Vessel safety will be improved in Gladstone, Bundaberg and Alma ports, with the introduction of world-class technology to track shipping movements. When the Curtis Island facility comes online in the next few months the vessel traffic service will assist in monitoring LNG ships to safely transit the port of Gladstone and surrounding waters.
Assistant Minister for Public Transport Steve Minnikin and Gladstone MP Liz Cunningham today inspected the new $2 million vessel tracking centre.
“The new vessel traffic service will oversee shipping movements through some of Queensland’s key ports,” Minnikin said.
“It will provide unprecedented monitoring of shipping movements from a world-class centre, delivering on this government’s promise to revitalise front line services.
“The new port vessel traffic service will assist in safely managing port shipping by ensuring 24/7 advice and guidance on position of other ships, weather, tidal condition and possible hazards to navigation.”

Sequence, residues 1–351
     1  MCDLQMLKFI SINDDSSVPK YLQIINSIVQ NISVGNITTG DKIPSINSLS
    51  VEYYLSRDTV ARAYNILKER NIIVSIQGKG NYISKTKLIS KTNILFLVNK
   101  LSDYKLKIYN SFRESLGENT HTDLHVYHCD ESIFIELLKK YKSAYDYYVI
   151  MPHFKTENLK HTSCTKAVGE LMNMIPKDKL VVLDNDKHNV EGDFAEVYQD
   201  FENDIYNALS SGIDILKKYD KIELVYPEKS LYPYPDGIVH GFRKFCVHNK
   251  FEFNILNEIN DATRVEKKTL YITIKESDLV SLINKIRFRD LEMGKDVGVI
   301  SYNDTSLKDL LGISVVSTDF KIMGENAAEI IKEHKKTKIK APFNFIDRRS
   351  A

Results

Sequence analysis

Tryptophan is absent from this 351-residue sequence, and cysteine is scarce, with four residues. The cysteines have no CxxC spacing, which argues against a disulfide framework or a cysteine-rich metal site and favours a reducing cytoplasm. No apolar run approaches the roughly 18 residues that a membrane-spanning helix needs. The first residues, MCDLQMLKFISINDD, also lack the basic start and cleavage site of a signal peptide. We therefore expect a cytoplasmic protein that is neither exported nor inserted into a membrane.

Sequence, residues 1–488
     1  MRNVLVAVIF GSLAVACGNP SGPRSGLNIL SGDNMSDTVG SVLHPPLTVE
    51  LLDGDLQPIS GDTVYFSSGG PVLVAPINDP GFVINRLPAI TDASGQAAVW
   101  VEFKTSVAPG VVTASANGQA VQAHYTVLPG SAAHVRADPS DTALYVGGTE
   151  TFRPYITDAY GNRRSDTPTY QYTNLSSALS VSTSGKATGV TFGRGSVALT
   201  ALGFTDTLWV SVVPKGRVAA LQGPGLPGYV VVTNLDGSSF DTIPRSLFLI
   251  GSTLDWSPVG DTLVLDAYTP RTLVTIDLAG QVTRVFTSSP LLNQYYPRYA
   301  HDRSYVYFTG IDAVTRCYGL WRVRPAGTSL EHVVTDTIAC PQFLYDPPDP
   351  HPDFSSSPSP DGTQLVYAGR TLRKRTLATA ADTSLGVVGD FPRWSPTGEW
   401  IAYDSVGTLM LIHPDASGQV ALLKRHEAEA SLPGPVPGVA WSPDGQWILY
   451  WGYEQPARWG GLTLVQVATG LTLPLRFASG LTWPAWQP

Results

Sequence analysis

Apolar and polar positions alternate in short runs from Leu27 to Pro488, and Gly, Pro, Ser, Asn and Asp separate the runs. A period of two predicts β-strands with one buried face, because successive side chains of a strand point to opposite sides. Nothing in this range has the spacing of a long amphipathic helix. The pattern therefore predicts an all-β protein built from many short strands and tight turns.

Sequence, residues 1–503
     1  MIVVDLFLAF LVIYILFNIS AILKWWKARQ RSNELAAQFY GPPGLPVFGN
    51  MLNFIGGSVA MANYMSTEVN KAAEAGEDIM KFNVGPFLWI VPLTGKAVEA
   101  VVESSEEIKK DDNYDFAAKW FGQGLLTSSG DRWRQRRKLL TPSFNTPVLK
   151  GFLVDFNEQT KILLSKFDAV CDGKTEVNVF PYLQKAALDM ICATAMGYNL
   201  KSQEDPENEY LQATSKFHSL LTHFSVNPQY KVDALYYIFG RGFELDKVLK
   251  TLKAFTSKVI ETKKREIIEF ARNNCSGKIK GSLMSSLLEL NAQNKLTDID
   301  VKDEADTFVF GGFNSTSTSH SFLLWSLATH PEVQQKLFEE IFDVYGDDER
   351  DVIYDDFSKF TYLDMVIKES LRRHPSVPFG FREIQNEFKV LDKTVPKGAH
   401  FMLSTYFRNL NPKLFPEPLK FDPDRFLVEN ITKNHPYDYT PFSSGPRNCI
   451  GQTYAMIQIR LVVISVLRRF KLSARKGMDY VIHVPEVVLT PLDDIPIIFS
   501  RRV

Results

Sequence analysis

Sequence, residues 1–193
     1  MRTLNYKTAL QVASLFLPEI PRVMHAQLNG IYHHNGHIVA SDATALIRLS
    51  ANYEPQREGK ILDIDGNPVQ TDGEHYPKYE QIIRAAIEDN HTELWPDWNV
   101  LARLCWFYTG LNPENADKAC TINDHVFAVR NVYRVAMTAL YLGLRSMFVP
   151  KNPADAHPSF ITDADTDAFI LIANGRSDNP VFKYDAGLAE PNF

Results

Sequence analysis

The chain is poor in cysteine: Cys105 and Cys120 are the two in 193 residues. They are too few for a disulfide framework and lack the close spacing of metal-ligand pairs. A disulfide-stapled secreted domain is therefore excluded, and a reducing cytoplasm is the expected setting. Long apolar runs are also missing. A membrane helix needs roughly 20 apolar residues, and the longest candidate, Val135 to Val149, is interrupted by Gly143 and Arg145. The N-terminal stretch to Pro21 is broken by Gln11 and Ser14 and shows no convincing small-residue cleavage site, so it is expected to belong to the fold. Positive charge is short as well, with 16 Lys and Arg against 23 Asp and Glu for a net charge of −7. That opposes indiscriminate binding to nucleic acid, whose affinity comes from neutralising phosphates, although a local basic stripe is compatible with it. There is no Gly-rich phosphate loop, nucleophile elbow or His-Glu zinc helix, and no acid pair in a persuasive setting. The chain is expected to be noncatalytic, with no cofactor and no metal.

The system was funded with support from the LNG industry, in conjunction with the Port of Gladstone.
Cunningham praised technicians and staff experts who worked over many months to fit out the new purpose-built centre.
“The centre will have a panoramic view of Gladstone Harbour supported by state-of-the-art radar, CCTV, weather sensors and navigation aids boosting safety on our waterways,” Cunningham said.
“Traffic in the harbour is increasing due to the LNG facilities at Curtis Island and this new vessel traffic service centre means Gladstone is ready to enter a new energy export era.
“We have also been assured there will be no interruption to ongoing shipping operations when the old centre is transferred to the new facility.”